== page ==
Genius Scorpion M8-610 Mouse Review: Clicker’s Delight

A Closer Look at the Genius Scorpion M8-610 Mouse Gaming Mouse

The Genius Scorpion M8-610 has an ambidextrous shell, having equal left and right shape although it is not a true ambidextrous mouse since the side buttons are only located on the left so there is a right-handed bias. It measures 65.6 x 123 x 39mm and is heavier than most gaming mouse clocking in at 128 grams without the USB cable and 154 grams in total.

Genius Scorpion M8-610 Gaming Mouse

To help with grip, the Genius Scorpion M8-610 has rubberized sides that have a raised rather than sunken diamond pattern. This makes the accumulated gunk easier to clean overtime. The thumb buttons are rather large and sit a little past the top peak. This means that users would have to curl the thumb further back to press the back button on a regular palm grip. There is also only 14mm of space for the thumb between the lowest point of the forward side button and the base. The back side button has 17mm of space for the thumb between the lowest point to the base. This is simply too little of a gap for most thumbs without accidentally pressing these buttons unfortunately.

There are color LEDs on the M8-610 for the scroll wheel and the Genius GX Gaming Scorpion logo at the rear. These two are independent lights with the scroll wheel LED tied to the DPI preset function and the scorpion LED more of an extra eye candy with no other function other than aesthetic. This rear logo cycles through different colors in breathing mode.

The entire top part is coated with a soft-touch texture, although not thick and as rubbery feeling as other mice. This top cover is also a single piece with the main left and right clickers being part of the top cover all the way to the rear as well. The round button below the scroll wheel with the Genius logo is the DPI cycle switch. This button cycles from the default presets of 800, 2400, 4800, 6400 and 8200 DPI, each with corresponding LED color so the user knows which DPI setting is currently being used. The scroll wheel has a very pronounced and tactile click but the actual scrolling action is very light on the fingers.

Genius Scorpion M8-610 Gaming Mouse

Underneath, the teflon skates cover a wide surface at the rear with a single piece while the front has two corner pieces. The sensor is located in the middle.

Genius Scorpion M8-610 Gaming Mouse

 

Disassembly and Internal Components

Just like the Miss Universe pageant, I believe beauty on the inside counts as well so let us disassemble to see what the components are, plus if you are a modder, see what can be done.

Genius Scorpion M8-610 Gaming Mouse

The adhesive used on the skates is perfect. Zero residue, easy to remove but adhesion remains on the back of the skate itself. This means disassembly will be clean and easy and it can be placed back without voiding warranty. All the screws are underneath the skates instead of underneath the label so bonus points for that.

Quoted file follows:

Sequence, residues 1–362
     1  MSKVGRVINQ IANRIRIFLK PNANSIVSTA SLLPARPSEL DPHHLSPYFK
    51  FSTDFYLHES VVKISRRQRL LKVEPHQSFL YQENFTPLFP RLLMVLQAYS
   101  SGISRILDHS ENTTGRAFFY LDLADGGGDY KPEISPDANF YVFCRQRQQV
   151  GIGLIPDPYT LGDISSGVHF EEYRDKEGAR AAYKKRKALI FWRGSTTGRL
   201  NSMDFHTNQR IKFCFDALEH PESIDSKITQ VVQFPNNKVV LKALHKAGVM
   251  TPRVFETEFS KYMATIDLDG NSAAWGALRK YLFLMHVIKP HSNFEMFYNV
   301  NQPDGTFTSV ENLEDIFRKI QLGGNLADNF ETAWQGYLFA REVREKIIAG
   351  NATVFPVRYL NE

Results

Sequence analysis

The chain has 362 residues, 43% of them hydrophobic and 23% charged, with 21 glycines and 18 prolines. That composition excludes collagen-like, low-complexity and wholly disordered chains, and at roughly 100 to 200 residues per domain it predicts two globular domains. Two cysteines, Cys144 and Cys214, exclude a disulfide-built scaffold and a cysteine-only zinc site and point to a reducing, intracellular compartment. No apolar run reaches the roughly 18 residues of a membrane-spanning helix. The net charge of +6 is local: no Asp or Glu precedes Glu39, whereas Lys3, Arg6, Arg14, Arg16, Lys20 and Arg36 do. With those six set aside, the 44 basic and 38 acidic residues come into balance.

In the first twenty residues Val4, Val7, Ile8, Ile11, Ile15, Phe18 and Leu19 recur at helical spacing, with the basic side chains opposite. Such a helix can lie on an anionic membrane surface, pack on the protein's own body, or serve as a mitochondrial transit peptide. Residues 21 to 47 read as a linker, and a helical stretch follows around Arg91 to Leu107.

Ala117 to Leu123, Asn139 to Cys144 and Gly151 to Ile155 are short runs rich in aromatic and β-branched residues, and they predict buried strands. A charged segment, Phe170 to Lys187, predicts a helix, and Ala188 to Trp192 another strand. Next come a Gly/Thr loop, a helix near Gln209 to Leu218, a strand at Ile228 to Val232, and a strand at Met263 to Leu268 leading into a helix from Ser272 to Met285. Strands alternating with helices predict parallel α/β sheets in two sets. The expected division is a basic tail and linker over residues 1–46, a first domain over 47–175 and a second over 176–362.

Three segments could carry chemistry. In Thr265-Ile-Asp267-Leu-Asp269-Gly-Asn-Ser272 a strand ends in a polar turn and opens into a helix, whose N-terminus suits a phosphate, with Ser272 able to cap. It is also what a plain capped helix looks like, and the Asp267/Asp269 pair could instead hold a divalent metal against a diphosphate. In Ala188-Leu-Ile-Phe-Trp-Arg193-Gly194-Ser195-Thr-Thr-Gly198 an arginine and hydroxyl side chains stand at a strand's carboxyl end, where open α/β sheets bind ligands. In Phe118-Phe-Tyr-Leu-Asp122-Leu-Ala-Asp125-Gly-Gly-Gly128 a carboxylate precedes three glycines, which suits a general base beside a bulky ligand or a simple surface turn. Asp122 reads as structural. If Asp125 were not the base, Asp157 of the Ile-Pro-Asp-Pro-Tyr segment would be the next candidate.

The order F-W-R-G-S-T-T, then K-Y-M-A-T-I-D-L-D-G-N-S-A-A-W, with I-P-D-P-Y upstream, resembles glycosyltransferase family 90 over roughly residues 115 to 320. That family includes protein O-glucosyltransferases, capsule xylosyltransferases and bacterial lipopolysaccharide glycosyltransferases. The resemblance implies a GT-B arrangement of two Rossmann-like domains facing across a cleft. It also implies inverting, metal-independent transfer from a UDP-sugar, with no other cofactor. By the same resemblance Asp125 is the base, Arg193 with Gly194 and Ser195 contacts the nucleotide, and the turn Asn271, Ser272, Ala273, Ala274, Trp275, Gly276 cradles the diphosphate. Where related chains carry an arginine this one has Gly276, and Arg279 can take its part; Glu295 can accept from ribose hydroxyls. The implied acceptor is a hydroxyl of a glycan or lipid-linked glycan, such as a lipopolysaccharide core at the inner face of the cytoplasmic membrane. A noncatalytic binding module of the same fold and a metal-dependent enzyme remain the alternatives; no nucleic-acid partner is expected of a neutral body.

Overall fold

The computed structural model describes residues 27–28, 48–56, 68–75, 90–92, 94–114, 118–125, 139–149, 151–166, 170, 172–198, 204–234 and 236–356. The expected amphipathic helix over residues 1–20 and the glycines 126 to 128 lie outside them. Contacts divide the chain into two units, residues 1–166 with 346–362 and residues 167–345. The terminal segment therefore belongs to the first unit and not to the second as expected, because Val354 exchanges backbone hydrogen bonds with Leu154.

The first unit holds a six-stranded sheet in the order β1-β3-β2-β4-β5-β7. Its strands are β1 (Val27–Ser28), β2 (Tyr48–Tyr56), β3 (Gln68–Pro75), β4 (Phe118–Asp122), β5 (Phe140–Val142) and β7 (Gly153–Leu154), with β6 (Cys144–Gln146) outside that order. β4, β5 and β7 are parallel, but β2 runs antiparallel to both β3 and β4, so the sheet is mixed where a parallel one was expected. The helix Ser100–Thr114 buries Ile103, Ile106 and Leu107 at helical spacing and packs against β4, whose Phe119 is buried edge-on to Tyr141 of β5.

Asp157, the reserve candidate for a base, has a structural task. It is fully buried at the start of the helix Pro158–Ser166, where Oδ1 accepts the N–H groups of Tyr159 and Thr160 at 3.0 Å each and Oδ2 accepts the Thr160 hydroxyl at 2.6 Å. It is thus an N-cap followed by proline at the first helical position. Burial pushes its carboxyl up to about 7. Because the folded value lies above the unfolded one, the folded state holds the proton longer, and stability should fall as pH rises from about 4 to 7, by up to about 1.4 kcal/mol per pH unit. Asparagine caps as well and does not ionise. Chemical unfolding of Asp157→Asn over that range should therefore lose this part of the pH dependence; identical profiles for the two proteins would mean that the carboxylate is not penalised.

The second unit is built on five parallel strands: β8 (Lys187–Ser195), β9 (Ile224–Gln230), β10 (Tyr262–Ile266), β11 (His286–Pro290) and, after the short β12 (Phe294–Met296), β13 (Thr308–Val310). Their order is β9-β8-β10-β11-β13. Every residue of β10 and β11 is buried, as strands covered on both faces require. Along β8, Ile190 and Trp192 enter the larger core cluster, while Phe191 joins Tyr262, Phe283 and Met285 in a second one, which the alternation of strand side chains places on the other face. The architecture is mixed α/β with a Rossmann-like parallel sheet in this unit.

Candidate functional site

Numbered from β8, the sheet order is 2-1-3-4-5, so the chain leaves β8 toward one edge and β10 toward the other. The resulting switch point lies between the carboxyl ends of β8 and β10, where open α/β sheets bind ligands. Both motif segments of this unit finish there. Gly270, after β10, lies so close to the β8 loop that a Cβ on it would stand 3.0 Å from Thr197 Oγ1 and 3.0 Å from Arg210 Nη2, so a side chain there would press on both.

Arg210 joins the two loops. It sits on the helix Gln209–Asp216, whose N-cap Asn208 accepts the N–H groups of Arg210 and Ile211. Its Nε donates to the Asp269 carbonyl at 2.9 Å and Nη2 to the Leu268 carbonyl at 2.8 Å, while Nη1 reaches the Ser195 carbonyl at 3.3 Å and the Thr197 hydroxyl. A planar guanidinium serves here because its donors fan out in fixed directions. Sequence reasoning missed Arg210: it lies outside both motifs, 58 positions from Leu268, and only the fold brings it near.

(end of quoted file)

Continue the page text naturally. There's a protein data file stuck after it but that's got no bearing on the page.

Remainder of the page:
Genius Scorpion M8-610 Gaming Mouse

The daughter PCB is connected to the main PCB via ribbon cable and is screwed in place to the top cover. Upon unscrewing, a metal weight is also screwed in place here.

I love what I am seeing already. Everything is clean with lots of attention to detail and quality. Look how thick the ABS plastic housing on both top and bottom is. The top cover on the top cover is detachable from underneath by freeing the latches once the metal weight is unscrewed. Without the soft touch coating, this top piece is transluscent so maybe modders can scratch it out and paint their own pattern on it. The metal weight itself is even painted black even though its unnecessary, but most likely so that the LED does not cause reflection which affects the light dissipation for the rear logo display. Interesting attention to detail once again. This metal weight is 28 grams so users who want to lighten the mouse can remove this.

Genius Scorpion M8-610 Gaming Mouse

Interestingly enough, all buttons are 3-pin microswitches with Huano red heads for the side buttons and Omron D2FC-F-7N switch for the DPI toggle. This is probably the first time I have seen a gaming mouse use Omron for the DPI toggle switch. Very nice. This means users can actually use this button for gaming with confidence since they are not using some cheap square button.

All other switches use Omron D2FC-F-7N as well, including the scroll-wheel clicker. As for the scroll wheel encoder, it uses Kailh Type B EN98 series having hexagonal axis with 24 detent design and rated operating life of 200,000 cycles. This stated operating cycle is actually higher than the 100,000 cycle stated on the ALPS wheel encoder commonly used by most current gaming mice.

The main sensor is an Avago ADNS-9800 laser sensor, probably the most popular laser sensor used on many gaming mice. While each sensor both laser and optical have a degree of acceleration built in, laser sensors in particular including the ADNS-9800 tend to be very inconsistent by its nature, so it is a lot less accurate than an optical LED sensor. This is due to the fact that there is inherent acceleration and it cannot be fixed by any firmware update.

An NXP LPC11U35F 32-bit ARM Cortex MCU operating at 50MHz controls all of the other advanced functions on the mouse. There are no external IC for storage but the MCU has a built-in 128 kB flash which can store one profile at a time.

 

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